Anyway, like these sorts of meeting things go, the first night there was a cocktail party with an open, but limited selection, bar.  I walked up to the bar, nodded to the nice very clean cut young man behind it, asked “Got any Fat Tire? ”

“Sorry, just domestic beer. ”

I blinked, a bit stunned.

He explained further “We don’t have any of those Belgium beers.”

 

* * * * * * *

At about 7:45 in this interview:

NPR: “I wonder: your original CD together Realtime is so beloved by your fans, does that make you just a tad nervous about how this much-anticipated follow up might be received? Or do you just block that stuff out?”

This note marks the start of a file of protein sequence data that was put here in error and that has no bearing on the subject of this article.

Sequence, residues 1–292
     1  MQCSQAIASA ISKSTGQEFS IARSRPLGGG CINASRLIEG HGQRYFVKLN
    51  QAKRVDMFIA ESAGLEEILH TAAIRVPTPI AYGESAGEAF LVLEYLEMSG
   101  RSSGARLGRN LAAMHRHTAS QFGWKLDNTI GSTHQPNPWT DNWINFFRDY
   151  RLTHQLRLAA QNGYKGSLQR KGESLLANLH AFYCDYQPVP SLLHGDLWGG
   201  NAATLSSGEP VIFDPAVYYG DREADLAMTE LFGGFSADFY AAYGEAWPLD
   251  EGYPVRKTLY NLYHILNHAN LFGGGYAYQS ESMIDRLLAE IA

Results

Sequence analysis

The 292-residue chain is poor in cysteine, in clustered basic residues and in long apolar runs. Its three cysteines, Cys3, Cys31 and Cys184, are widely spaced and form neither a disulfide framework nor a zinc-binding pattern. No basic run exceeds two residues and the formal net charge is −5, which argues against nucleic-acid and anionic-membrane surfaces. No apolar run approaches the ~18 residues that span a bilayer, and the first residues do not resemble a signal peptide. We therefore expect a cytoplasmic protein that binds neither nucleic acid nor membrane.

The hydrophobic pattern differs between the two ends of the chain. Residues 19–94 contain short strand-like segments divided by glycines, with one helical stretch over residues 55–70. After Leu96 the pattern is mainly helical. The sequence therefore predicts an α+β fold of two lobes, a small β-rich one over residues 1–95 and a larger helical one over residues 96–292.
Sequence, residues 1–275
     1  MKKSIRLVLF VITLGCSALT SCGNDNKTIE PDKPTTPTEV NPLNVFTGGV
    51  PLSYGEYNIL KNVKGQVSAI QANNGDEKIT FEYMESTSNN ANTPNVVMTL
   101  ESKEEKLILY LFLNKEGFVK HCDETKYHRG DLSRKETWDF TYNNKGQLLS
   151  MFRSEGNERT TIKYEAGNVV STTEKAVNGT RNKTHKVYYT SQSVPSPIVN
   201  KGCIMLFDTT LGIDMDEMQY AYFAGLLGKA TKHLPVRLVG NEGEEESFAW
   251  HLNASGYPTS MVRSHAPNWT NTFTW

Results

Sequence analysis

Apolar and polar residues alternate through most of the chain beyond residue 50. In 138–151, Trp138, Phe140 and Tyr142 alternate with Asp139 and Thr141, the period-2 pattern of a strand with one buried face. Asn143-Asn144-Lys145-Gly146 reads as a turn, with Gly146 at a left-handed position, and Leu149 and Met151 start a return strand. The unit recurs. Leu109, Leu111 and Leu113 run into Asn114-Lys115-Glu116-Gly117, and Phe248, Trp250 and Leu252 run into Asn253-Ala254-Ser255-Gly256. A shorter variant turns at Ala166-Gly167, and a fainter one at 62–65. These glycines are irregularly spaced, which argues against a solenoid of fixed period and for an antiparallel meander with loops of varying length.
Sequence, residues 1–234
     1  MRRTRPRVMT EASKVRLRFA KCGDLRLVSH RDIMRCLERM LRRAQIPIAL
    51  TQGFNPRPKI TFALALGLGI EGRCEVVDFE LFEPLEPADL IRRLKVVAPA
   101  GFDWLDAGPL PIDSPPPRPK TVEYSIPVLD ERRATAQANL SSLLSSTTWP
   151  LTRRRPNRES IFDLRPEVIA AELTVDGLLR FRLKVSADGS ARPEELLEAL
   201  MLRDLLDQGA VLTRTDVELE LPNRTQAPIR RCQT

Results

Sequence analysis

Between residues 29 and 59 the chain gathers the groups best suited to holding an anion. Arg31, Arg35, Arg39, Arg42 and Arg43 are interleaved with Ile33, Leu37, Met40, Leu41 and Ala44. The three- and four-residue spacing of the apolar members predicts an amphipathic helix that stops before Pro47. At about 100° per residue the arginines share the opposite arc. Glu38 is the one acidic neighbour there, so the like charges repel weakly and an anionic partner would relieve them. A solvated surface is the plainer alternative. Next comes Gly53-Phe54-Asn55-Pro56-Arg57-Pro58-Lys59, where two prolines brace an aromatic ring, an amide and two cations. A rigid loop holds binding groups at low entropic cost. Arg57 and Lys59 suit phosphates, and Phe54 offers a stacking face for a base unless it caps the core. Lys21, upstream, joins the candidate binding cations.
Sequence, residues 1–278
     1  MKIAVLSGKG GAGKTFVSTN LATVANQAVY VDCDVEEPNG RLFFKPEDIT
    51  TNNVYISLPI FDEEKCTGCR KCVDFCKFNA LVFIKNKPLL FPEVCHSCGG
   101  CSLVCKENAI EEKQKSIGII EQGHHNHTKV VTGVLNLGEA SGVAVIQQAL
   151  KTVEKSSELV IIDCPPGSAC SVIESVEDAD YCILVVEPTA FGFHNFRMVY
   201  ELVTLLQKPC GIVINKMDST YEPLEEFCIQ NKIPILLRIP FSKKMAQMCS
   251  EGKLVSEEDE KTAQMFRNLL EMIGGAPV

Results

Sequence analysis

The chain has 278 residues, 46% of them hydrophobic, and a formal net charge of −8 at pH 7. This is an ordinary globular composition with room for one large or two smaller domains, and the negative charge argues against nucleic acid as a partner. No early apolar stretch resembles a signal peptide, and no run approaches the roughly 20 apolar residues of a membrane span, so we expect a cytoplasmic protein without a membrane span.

O’Brien: “Ah, you know, I’m gettin’ over that.”

NPR: “But not yet? You’re still working on it?”

O’Brien:“Well, there is a sort of a fermentation that happens in people’s minds, and I guess it happened in my mind too, that you know, what, can we do that again? Can we go back to that? And then, at some point I just said ‘well, you know, if we don’t try we’ll never do anything together again'”.

Scott: “To me the word is ‘fearless’. Putting it out there, and then, with the right ingredients it’ll probably turn into something edible.”

 

Something edible, indeed. Back to work.

 

Jim Downey



Death comes quickly.
September 22, 2013, 8:26 am
Filed under: Uncategorized | Tags: , , ,

He spoke through tears of 15 years how his dog and him traveled about
The dog up and died, he up and died
And after 20 years he still grieves*

Again, I am reminded that we need to cherish those we love while we have them.